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New research  published in the American Journal of Geriatrics shows that over 25% of bladder infections (cystitis) can be reduced with the regular use of cranberry concentrate supplements in vulnerable older people in nursing homes at high risk of urinary tract infections. Over 20% of these high-risk elderly did not develop any UTI's at all when taking the cranberry capsule. The Public Health and Primary Care (PHEG) department of the Leiden University Medical Center conducted the one-year study in 21 Dutch nursing homes in cooperation with the supplier of cranberry concentrate Springfield Nutraceuticals.
It's estimated that half of all women in the UK will have a UTI at least once in their life  with nearly 50% of vulnerable elderly people regularly suffering from UTI's . As many as 30% of all infections occurring in nursing homes in the UK are urinary tract infections . The importance of preventing infections in nursing homes is paramount, many residents have fragile health and for them, an infection can have serious consequences. Furthermore, resistance of bacteria commonly found to cause urinary tract infections is becoming more frequent so antibiotic therapy is not always a solution.
Effect of Cranberries
In the one-year study, 928 people with an average age of 85 years participated . During the study, cranberry capsules with a specific composition were used and compared with a placebo. The preventative effect of cranberries on urinary tract infection has been known for many years. "The Indians already knew the medicinal properties of these berries", says Monique Caljouw PhD (PHEG). "Among other particles, these berries contain the so-called PAC-particles that prevent the adhesion of infection-causing bacteria in the bladder wall," Prof. Dr. Jacobijn Gussekloo (PHEG) explains.
The benefits of taking other types of cranberry products is often disputed. Many people drink cranberry juice when they have cystitis. Cranberry juice has a sour taste and patients - especially the elderly - often fail to drink a glass twice a day, for an extended period. Using sweetened juice for a long period of time is not desirable because of the high levels of sugar used in most cranberry juices to mask the sour taste. Caljouw and Gussekloo found the use of the cranberry supplement an effective method to prevent urinary tract infections. Other prevention methods are less appropriate. "Vitamin C does not seem to work and cranberry juice has its disadvantages. The administration of a low dose of antibiotics causes resistance." "Cranberry capsules are therefore appropriate," says PhD Caljouw.
In this study the cranberry supplement used contains the whole cranberry: skin, seeds, pulp, juice and fiber which previous research has shown is preferable to those which do not contain the whole fruit. It also has a patented manufacturing process that provides a bioactive protection to all parts of the cranberry avoiding destruction by gastric acid.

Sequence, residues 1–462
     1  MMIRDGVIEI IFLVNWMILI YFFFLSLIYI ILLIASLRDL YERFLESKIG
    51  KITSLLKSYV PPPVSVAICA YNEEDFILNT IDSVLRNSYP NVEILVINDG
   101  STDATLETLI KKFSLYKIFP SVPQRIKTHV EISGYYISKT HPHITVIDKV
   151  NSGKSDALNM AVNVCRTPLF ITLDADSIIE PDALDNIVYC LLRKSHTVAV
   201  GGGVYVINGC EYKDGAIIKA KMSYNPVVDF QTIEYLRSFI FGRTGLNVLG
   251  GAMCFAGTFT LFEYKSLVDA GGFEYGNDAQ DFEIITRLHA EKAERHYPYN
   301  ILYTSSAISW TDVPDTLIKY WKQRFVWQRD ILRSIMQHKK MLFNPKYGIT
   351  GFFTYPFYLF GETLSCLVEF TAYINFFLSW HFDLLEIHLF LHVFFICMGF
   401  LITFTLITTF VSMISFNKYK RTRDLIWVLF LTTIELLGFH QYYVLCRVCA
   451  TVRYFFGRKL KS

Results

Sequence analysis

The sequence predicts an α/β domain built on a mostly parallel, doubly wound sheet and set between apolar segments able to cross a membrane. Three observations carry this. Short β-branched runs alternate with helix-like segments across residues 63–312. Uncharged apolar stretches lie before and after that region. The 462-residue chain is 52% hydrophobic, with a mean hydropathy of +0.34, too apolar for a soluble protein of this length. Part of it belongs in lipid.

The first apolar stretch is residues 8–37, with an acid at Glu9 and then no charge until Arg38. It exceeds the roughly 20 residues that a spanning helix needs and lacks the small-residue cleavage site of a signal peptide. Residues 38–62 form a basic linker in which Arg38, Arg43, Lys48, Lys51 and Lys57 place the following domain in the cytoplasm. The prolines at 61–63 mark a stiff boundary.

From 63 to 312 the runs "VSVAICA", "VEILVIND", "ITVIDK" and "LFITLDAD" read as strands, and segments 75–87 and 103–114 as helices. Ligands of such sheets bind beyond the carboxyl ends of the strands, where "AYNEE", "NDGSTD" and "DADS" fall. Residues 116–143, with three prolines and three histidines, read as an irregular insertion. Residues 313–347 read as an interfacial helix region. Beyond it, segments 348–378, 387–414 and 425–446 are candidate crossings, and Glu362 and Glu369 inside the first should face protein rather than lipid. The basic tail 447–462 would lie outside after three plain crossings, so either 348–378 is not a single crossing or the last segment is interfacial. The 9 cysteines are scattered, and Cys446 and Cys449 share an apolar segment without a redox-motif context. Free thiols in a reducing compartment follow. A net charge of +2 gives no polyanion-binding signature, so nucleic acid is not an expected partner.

Danger of Antibiotic Resistance
Because of excessive and inappropriate use of antibiotics, an increasing number of bacteria have become resistant. If some infections can no longer be fought off, cystitis or pneumonia can be life-threatening. In Europe, 25,000 people die every year from bacterial infections because they are no longer treatable (Dutch Institute of Rational Use of Medicine).
A study conducted at the AMC (Academic Medical Center, Amsterdam)  revealed that cranberries are a good alternative for antibiotics for women experiencing recurrent urinary tract infections. Antibiotics were almost twice as effective during the research, but did lead to a strong increase of resistant bacteria. After one month 90% of the women became resistant against the antibiotic. These women also developed resistance against other antibiotics. In the cranberry group there was no increase in resistance.
The results of the PHEG study at the University of Leiden confirm that the use of cranberry capsules can be a natural and safe alternative for the prevention of urinary tract infections.
1. Effectiveness of Cranberry Capsules to Prevent Urinary Tract Infections in Vulnerable Older Persons: A Double-Blind Randomized Placebo-Controlled Trial in Long-Term Care Facilities, Monique A. A. Caljouw MSc, Wilbert B. van den Hout PhD, Hein Putter PhD, Wilco P. Achterberg PhD, Jacobijn Gussekloo PhD, Herman J. M. Cools Phd. Journal of the American Geriatrics Society January 2014 - DOI: 10.1111/jgs.12593/p>
3. Cranberries vs Antibiotics to Prevent Urinary Tract Infections, A Randomized Double-blind Noninferiority Trial in Premenopausal Women.Mariëlle A. J. Beerepoot, Suzanne E. Geerlings, MD, PhD et al. Archives of Internal Medicine. 2011;171(14):1270-1278
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